BY VAUHINI VARA
STOCKTON, Calif.—Budget cuts have left Francisca Vargas struggling to replace the academic boost her three young children once received from summer school—and the free lunch that came with it.
Ms. Vargas found relief at a local community center, which provides sandwiches and fruit, along with tutoring. It’s less convenient than summer school—the gasoline costs add up—but the free program is a help to the family, which relies on Ms. Vargas’s $15,000 annual salary as a babysitter.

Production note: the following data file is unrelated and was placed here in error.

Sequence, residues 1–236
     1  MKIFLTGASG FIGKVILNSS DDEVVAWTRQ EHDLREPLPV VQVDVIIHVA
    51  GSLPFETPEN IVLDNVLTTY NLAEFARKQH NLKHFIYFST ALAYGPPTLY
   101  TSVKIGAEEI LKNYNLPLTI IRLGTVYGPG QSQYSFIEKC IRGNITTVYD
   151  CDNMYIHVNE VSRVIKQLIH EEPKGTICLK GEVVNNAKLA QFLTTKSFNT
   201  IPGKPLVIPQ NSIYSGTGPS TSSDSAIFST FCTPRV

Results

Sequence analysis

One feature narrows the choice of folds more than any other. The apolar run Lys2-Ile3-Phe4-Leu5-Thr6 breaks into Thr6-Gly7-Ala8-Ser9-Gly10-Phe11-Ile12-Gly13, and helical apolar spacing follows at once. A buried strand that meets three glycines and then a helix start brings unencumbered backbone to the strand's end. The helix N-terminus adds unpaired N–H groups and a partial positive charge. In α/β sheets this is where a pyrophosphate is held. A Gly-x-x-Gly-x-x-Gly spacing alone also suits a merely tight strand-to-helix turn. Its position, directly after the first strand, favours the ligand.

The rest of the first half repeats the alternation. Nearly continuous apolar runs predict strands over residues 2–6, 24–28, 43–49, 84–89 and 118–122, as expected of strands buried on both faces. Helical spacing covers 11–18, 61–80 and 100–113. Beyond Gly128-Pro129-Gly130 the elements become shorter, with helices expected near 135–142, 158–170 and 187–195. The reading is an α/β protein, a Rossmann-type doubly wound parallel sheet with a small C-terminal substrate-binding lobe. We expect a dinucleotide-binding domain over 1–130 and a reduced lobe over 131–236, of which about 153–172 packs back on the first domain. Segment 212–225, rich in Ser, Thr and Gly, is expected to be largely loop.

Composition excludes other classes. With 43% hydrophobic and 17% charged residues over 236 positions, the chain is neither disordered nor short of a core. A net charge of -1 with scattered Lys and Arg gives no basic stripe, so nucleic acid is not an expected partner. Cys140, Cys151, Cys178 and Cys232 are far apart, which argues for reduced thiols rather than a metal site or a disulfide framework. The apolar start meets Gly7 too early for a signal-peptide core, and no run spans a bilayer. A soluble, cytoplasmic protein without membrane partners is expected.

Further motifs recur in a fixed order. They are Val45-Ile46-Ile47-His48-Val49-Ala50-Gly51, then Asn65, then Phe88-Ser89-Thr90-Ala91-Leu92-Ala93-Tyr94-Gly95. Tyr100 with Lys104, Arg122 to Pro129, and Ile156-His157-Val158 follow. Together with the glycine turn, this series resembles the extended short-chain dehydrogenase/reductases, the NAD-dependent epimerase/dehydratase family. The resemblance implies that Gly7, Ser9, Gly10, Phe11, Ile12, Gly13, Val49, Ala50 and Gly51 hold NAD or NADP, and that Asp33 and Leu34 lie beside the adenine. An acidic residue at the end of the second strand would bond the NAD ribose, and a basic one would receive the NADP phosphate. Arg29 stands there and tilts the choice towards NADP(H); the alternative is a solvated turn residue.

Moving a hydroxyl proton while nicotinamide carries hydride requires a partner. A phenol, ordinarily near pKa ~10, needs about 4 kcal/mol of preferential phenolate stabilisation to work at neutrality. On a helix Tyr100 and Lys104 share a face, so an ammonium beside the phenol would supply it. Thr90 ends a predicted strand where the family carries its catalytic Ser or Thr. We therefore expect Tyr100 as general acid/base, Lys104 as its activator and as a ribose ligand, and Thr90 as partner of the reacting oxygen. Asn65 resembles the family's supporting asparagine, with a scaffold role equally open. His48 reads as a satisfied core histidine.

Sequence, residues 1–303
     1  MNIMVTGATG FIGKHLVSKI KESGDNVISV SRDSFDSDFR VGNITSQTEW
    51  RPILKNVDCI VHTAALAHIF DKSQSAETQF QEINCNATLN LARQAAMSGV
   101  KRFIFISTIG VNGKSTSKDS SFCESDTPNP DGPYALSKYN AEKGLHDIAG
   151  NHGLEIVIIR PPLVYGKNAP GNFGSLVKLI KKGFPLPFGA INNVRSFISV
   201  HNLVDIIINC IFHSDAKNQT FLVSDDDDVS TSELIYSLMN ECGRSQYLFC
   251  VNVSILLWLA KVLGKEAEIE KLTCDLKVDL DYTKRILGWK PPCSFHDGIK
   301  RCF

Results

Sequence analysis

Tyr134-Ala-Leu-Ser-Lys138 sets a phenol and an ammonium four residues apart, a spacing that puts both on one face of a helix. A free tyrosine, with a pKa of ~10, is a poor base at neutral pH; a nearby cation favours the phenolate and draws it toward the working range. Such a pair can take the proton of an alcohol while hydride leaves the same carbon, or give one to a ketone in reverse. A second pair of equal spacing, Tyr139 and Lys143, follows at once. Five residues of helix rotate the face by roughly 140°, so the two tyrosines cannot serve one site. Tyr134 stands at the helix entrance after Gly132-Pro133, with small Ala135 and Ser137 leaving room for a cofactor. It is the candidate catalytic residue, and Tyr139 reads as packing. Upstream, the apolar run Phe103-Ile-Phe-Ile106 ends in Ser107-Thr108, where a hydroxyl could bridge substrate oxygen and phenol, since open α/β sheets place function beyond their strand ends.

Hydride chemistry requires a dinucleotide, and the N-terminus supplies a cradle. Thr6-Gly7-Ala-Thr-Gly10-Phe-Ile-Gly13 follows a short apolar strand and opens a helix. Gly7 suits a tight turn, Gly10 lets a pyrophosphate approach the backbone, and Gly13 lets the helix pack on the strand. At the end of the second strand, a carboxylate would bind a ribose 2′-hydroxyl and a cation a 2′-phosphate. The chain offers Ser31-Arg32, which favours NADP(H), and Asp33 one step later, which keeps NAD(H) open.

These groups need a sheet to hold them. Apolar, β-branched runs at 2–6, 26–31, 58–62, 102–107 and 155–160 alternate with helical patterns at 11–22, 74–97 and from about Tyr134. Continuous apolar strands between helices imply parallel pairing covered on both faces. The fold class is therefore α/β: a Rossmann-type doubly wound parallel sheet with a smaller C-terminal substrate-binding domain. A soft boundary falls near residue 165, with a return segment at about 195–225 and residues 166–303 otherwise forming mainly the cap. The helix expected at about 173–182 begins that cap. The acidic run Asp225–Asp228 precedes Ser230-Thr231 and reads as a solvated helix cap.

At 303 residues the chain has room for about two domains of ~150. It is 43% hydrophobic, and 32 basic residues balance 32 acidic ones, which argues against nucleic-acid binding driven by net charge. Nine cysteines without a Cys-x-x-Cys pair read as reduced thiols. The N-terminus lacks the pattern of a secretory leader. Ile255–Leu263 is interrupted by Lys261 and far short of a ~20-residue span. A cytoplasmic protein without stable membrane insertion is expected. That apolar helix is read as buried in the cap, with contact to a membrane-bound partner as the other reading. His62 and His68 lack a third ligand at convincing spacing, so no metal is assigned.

When schools in California and elsewhere closed for the summer to save money, educators expressed worries about the academic consequences. Now, many warn of …